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Friday, 4 February, 2000, 17:40 GMT
In Pictures: Preparing for the dragon year

Asians around the world are preparing to celebrate the Year of the Dragon on Saturday, at the start of the lunar new year.

Dragon facts
The dragon is the luckiest sign to be born under
Dragons are supposed to be fun-loving and full of life, but can be eccentric and are susceptible to flattery
Dragons traditionally make good priests, artists or politicians
They are said to be blessed with virtue, riches, harmony and longevity
The dragon is traditionally the most powerful animal in the Chinese zodiac, but this year is particularly lucky as it is a Golden Dragon Year - an auspicious event that occurs once every 60 years.

It is also considered doubly significant because the festivities coincide with a millennium year, an occurrence that will not happen again for another 3,000 years.

For Chinese around the world the new year celebrations are as important as Christmas is in the West.

Huge effort is put into decorating houses and temples with red and gold - representing good luck and prosperity - the most prominent colours.

Another traditional ornament are the "da arfu" or "lucky fatties" dolls, a symbol of fortune and happiness.

Millions in China and across the Asia-Pacific region have been travelling home to spend the festivities with their families.

More than 150,000 people a day have passed through Beijing railway station in the run-up to festivities, part of an estimated 129 million expected to use the country's rail network during the holiday period.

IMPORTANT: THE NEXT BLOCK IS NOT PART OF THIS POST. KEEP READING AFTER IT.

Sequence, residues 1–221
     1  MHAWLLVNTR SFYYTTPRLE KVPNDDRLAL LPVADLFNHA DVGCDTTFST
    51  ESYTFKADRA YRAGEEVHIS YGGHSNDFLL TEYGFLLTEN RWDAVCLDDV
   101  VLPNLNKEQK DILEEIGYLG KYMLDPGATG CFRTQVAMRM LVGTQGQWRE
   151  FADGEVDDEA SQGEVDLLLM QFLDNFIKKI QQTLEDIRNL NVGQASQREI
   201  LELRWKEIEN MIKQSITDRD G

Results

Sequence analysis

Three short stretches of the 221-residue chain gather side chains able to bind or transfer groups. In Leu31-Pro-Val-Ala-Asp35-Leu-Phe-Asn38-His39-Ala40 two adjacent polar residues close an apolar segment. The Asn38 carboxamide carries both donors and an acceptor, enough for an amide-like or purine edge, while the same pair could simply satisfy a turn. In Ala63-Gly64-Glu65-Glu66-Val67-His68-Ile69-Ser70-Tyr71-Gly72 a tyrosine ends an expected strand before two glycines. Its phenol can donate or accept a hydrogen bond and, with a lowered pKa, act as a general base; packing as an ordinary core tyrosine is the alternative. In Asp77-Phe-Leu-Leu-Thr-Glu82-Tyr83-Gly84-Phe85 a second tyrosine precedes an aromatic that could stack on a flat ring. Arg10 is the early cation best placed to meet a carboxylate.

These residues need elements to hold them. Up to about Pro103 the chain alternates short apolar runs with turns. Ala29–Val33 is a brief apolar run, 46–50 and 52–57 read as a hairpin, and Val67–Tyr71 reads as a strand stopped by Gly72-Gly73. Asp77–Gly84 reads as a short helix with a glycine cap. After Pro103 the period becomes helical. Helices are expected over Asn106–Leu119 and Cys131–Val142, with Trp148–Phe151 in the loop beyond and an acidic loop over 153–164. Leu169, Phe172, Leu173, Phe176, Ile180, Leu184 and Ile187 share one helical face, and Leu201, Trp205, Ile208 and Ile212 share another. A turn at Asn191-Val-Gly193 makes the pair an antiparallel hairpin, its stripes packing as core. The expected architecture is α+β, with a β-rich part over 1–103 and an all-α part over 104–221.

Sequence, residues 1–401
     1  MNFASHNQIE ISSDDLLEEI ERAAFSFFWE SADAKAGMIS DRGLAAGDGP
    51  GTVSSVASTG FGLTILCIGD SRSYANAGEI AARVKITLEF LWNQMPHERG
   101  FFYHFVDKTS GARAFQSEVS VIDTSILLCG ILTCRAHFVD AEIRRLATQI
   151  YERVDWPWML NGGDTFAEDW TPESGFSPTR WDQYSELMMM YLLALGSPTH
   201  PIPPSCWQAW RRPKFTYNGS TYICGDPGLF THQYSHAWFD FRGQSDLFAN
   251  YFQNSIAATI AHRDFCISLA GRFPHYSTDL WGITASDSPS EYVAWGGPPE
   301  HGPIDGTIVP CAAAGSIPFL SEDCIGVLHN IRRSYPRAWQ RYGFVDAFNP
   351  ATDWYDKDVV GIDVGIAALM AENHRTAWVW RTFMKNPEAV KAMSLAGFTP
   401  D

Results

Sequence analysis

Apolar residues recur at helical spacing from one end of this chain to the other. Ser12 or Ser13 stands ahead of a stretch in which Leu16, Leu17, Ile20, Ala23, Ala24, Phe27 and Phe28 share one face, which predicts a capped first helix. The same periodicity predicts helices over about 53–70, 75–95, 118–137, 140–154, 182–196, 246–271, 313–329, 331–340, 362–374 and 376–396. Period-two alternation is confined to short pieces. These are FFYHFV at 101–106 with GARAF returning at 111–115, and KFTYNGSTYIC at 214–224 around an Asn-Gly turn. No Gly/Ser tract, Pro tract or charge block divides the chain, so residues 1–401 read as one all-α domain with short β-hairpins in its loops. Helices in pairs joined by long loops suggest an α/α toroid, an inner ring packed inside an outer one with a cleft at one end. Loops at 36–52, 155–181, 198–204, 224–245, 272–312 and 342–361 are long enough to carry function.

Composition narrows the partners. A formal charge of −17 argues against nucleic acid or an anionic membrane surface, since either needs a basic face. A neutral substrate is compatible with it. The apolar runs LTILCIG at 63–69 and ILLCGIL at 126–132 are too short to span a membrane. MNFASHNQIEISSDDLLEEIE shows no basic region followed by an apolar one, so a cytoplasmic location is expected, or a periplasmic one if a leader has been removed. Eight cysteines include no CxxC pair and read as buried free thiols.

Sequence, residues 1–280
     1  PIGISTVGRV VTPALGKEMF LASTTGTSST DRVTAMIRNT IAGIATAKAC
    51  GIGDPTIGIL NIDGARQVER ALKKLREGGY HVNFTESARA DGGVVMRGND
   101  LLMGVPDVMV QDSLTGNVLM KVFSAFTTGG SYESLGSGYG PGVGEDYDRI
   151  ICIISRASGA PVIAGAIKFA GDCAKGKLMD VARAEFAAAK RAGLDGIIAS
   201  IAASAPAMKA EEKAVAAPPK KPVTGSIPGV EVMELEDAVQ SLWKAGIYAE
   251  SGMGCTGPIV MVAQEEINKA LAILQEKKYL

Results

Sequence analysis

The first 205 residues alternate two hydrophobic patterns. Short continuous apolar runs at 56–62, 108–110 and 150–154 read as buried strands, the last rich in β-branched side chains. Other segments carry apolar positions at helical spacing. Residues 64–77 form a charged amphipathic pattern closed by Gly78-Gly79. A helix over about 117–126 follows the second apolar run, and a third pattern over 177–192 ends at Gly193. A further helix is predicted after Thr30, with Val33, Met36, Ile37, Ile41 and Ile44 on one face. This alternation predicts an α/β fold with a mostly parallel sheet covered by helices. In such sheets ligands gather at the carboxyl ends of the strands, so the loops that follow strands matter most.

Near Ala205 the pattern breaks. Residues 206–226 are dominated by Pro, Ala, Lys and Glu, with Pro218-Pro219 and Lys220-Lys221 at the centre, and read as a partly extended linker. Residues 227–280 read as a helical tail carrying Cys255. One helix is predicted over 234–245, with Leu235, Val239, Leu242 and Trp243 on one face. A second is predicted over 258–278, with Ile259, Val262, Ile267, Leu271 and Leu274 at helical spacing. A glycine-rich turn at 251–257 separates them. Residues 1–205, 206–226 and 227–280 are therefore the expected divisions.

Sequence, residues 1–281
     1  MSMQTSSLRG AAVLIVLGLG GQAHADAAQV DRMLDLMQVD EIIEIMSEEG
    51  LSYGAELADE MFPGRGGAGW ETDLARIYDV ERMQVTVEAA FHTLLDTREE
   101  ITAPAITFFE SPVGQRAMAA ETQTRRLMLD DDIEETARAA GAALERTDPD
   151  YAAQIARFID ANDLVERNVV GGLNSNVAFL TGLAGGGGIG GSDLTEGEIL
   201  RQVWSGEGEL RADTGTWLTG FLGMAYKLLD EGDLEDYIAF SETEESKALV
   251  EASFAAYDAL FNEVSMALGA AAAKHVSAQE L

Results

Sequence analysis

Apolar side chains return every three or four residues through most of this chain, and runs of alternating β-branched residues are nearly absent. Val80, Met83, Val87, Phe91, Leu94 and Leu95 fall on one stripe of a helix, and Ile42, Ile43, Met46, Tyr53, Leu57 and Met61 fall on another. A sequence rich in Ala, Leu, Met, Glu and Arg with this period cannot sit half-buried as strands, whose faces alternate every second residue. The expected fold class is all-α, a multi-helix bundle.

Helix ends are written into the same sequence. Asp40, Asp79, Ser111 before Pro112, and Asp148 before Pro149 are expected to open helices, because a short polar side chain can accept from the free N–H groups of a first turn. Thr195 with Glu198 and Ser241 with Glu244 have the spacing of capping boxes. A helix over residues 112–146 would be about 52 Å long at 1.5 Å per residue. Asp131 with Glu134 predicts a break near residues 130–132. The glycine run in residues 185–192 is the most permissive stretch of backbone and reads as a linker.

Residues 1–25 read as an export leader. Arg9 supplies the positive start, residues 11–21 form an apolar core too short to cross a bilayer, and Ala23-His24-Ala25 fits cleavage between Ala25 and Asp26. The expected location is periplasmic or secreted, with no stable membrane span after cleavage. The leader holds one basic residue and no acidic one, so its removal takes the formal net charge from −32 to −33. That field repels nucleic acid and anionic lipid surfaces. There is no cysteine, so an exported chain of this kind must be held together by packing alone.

Dragon dancers are a regular feature of Chinese New Year celebrations across the world. There is often keen competition for the longest and most elaborately-dressed dragon.

Hospitals across the Chinese world are bracing themselves for a predicted baby boom as couples take advantage on the traditional good luck associated with a Dragon Year.

In the Indonesian capital, Jakarta, members of the Chinese community have been donating traditional "ang pau" money to the city's poor.

For the first time in more than 30 years, Chinese Indonesians are legally entitled to openly celebrate the new year. The ban was imposed by former President Suharto in response to perceived Chinese-backing of a 1967 attempted communist coup.

For Bangkok's Chinese community, as elsewhere, local temples are the focal point of celebrations.

Burning fragrant joss sticks, often in huge handfuls, is considered one way of ensuring good fortune in the coming year.

In Vietnam, where the lunar new year celebrations are known as Tet, peach blossom is traditionally planted to welcome in the new year.
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See also:
04 Feb 00 |  Asia-Pacific
New year appeal for quake survivors
28 Jan 00 |  Asia-Pacific
Taiwan takes fizz out of fireworks

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